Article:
Andy Clarke is the president of the League of American Bicyclists. This article originally appeared on the League’s blog.
On Tuesday, August 27th the U.S. Department of Transportation released a draft strategic plan for public comment. The 94-page document lays out how the U.S. Department of Transportation proposes to manage our transportation system for the next five years — guiding the work of some 57,000 federal employees and heavily influencing some $205 billion of annual spending on highways in this country.
The comment period closes September 10. (You can read our comments on the draft strategic plan here.)
The bold title of the plan, “Transportation for a New Generation,” suggests some exciting changes and a new direction… and the numbers are certainly there in the plan to back up a decisive new transportation strategy. Consider:
- 32,367 people were killed in traffic crashes in 2011
- Driver behavior causes or contributes to 90 percent of crashes
- The economic costs of traffic crashes –- in 2000 -– was $230 billion
- One-third of Americans do not drive
- The U.S. population is expected to increase from 310 million in 2010 to 335 million in 2018 and 439 million by 2050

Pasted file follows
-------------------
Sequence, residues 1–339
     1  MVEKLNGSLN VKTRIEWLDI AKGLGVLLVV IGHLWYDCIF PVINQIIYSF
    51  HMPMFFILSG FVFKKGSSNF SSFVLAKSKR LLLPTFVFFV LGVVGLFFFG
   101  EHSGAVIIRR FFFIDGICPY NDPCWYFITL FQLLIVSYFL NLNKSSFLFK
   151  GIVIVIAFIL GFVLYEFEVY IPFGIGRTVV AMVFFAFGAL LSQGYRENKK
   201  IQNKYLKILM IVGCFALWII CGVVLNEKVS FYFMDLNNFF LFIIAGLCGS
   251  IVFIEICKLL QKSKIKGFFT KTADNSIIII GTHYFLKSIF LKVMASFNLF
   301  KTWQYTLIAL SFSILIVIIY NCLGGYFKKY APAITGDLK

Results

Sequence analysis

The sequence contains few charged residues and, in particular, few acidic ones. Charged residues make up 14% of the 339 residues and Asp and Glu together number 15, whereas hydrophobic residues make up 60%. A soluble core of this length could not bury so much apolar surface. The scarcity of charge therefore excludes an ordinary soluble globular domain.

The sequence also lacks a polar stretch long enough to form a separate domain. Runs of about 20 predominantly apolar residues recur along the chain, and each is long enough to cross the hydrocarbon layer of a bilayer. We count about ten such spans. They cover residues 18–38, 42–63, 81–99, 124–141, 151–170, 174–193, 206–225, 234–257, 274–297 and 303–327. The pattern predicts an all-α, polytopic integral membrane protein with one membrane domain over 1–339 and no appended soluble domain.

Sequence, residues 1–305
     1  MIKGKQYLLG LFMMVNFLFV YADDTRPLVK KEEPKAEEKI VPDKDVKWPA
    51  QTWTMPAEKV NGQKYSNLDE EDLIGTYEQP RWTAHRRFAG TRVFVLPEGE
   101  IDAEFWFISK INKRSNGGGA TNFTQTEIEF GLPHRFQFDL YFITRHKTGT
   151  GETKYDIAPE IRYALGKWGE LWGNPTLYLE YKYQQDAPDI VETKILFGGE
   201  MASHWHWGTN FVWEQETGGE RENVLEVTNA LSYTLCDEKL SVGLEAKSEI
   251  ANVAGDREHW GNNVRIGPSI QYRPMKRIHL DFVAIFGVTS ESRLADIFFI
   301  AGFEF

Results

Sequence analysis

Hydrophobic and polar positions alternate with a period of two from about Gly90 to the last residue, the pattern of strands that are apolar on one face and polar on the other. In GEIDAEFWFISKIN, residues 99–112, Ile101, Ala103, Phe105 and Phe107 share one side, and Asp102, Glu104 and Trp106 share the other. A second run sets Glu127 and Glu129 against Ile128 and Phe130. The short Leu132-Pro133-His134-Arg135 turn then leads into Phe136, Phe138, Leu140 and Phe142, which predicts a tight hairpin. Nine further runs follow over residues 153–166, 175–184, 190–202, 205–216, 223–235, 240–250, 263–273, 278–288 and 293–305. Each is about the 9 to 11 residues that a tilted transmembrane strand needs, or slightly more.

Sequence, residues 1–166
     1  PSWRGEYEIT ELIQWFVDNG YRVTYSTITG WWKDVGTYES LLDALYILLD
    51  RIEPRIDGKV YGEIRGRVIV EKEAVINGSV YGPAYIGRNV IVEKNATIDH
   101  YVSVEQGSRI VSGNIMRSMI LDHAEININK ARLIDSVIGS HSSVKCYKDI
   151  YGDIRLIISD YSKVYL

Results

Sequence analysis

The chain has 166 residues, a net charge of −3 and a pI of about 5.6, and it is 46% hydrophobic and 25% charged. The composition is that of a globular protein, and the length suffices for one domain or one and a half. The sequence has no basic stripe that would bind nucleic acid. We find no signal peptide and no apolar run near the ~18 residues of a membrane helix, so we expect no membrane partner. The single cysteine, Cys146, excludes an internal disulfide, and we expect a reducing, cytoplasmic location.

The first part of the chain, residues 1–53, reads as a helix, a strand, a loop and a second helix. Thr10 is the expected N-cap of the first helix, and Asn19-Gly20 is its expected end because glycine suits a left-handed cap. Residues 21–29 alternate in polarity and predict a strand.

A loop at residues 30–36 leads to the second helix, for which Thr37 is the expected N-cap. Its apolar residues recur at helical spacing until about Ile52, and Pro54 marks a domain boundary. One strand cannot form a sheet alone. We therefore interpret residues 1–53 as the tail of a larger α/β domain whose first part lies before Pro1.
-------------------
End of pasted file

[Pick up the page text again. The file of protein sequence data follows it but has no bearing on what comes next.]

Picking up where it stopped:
- Traffic congestion creates a $121 billion annual drain on the U.S. economy
- The average American adult aged 25-54 drives 12,700 miles a year and spends one month in his or her car each year; and each car costs $7,658 to buy, maintain and operate
- Cars and trucks are responsible for 83 percent of transportation-related greenhouse gas emissions, which are 27 percent of total U.S. greenhouse gas emissions. U.S. greenhouse gas emissions have increased 21 percent since 1990 — 60 percent of that increase is due to transportation.
That all certainly points to the need for a new direction in transportation –- these problems are huge, the costs are staggering, and we’ve got $205 billion annually to spend on highways alone to do something about these problems.
Alas, that’s not what “Transportation for a New Generation” offers. Not at all.